In a study by Wang et al (2022), published in the Journal of Population Economics*, the researchers found that the children born to mothers exposed to the contaminated water in Flint had a significantly lower birth weight on average compared to those in other cities. They found that Black babies have been disproportionately impacted by the exposure and on occasions, the epidemic has been called a crisis that resulted from systemic racism. The healing for Flint is in motion as the prayers for leadership, finances, education, public health reform, racial healing, and solidarity erupt!

This is where my faith is activated. “And the God of all grace, who called you to His eternal glory in Christ, after you have suffered a little while, will Himself restore you and make you strong, firm and steadfast” (1 Peter 5:10). The community, through many collaborative efforts, has met some of the needs of residents and continues to build hope for a healthier future for our community. The psychological distress that I have personally experienced is evident from the work I am called to do and will require more time for healing the community as we all unite and develop the practical principle of working together for the good of our community because we love the Lord and are called according to His purpose.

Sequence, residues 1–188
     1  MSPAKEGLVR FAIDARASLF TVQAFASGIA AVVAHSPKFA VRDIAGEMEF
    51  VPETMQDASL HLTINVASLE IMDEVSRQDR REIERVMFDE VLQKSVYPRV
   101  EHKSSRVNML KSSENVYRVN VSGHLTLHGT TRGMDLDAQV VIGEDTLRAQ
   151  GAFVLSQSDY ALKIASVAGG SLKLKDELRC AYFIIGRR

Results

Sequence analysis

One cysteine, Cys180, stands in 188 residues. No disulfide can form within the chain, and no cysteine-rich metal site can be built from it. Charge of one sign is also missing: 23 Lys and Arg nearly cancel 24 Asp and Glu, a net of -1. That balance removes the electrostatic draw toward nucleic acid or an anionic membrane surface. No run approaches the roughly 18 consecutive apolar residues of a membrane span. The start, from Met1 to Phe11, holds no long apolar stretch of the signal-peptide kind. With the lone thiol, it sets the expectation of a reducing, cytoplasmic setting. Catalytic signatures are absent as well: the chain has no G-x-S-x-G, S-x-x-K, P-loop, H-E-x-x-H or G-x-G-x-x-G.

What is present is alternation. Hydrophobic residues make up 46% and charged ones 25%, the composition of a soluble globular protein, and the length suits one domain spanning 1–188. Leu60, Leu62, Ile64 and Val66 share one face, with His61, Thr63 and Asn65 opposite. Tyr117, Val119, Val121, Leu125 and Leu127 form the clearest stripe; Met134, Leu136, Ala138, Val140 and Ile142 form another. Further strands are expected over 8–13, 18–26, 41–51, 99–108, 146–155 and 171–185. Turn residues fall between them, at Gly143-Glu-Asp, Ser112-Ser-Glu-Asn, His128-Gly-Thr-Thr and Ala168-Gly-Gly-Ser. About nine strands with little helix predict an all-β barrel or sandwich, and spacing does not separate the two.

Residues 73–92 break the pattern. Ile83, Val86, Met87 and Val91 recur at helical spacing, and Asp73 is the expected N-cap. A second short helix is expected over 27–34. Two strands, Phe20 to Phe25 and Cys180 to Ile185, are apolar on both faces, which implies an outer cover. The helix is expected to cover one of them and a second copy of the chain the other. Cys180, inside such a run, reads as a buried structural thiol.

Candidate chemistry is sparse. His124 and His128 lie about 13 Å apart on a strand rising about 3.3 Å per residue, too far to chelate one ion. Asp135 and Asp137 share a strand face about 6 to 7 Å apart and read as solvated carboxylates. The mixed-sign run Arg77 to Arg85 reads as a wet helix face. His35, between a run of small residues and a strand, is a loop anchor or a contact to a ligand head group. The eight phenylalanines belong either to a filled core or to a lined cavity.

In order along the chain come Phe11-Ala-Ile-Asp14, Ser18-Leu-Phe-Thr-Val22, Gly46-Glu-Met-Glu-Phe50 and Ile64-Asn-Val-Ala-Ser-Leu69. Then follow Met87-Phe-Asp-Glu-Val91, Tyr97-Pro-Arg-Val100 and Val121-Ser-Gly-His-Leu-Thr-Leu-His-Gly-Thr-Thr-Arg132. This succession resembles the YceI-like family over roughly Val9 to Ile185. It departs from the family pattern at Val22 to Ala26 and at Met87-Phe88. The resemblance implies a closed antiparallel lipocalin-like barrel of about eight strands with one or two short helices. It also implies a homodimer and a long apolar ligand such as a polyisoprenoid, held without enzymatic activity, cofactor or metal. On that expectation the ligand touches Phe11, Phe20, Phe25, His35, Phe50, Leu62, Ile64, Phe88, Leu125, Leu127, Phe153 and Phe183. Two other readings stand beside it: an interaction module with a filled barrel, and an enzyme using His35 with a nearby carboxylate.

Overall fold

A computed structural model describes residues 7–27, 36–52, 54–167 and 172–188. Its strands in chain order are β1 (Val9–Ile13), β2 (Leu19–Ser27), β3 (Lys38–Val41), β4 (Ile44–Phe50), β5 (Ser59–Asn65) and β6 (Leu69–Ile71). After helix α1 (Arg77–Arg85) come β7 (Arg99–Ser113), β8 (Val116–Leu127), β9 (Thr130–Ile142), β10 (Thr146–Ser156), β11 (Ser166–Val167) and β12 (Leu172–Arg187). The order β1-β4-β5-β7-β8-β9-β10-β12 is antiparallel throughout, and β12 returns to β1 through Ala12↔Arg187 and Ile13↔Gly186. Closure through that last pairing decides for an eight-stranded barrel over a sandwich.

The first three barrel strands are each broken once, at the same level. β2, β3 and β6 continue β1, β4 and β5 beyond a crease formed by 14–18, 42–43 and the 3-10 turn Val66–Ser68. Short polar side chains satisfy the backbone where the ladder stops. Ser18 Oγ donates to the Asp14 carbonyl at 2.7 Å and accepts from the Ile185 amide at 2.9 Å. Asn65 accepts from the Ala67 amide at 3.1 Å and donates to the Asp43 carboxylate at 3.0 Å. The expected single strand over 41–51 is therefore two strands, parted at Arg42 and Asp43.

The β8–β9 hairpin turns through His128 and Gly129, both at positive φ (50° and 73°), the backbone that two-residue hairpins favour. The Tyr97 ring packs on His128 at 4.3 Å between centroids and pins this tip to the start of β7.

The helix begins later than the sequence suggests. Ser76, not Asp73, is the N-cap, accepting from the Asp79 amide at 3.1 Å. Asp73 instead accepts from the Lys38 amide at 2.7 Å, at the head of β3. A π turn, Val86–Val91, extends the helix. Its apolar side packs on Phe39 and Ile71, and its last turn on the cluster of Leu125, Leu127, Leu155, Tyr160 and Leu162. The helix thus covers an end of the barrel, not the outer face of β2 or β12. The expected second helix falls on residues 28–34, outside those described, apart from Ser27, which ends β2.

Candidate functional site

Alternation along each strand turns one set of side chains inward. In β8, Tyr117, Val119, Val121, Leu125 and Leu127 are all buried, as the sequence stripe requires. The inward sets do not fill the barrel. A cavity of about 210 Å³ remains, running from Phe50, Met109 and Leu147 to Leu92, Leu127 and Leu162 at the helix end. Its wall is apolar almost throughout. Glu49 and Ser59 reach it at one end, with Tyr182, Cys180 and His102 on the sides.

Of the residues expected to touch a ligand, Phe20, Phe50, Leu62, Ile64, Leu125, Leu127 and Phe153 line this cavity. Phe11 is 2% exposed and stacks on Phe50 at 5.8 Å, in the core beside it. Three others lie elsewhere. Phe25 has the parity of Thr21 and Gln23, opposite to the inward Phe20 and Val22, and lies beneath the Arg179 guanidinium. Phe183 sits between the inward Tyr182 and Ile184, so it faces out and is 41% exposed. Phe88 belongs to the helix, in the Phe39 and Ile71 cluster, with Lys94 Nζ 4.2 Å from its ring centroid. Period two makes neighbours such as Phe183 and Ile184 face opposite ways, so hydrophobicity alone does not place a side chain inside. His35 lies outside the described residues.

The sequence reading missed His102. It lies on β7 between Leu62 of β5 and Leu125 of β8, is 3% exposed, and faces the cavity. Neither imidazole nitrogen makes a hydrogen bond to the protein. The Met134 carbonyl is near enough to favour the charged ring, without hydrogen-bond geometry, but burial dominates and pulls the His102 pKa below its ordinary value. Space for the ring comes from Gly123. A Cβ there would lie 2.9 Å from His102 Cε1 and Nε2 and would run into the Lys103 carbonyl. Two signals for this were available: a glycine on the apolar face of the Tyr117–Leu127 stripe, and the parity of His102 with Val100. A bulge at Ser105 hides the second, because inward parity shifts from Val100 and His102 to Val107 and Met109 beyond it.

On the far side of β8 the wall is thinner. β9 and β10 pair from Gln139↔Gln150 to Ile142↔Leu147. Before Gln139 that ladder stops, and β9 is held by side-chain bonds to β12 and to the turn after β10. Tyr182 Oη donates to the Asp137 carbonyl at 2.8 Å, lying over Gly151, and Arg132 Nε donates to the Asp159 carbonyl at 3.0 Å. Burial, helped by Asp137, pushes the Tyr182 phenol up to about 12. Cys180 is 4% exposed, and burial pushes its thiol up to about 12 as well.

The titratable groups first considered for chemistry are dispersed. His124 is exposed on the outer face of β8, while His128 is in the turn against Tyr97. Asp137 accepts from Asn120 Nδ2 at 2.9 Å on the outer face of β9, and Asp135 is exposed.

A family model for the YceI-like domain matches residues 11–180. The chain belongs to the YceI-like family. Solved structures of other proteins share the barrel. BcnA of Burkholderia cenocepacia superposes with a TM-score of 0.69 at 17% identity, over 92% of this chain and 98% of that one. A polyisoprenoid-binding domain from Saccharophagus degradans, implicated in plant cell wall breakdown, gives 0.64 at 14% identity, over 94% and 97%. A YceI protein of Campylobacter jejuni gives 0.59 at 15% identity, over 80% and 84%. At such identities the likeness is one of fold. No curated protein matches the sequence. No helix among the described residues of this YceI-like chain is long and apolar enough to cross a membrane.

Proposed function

In closing when I am asked where we are now, I reply further along than where we were and will continue to overcome. I am reminded of  Philippians chapter one where Paul and Timothy, passionate servants of Christ, write a letter to all Philippi Christians, including the pastors, and preachers. They first welcome all with God’s grace and Jesus’ peace, then they write:

Every time you cross my mind, I break out in exclamations of thanks to God. Each exclamation is a trigger to prayer. I find myself praying for you with a glad heart. I am so pleased that you have continued in this with us, believing and proclaiming God’s Message, from the day you heard it right up to the present. There has never been the slightest doubt in my mind that the God who started this great work in you would keep at it and bring it to a flourishing finish on the very day Christ Jesus appears.” (The Message Bible online, 2018).

As the news has reported, to some there has been no justice based upon the legal system. I choose to hold on to the confession of my faith that God is still working things out for our community. I believe that the additional prayers for change, restoration, revival, and leadership working together in Flint, Michigan will be answered. To God be the glory for the things we will do!


Further reading:

USA Today: 10 years after lead poisoning, Flint residents still haven’t been paid from $626.25M fund

Bridge Michigan: Judge holds Flint in contempt for continued lead pipe replacement delays

Presbyterian News Service: Flint film aims to tell truth of the water crisis with residents’ voices


*Wang, R., Chen, X. & Li, X. Something in the pipe: the Flint water crisis and health at birth. Journal of Population Economics 35, 1723–1749 (2022).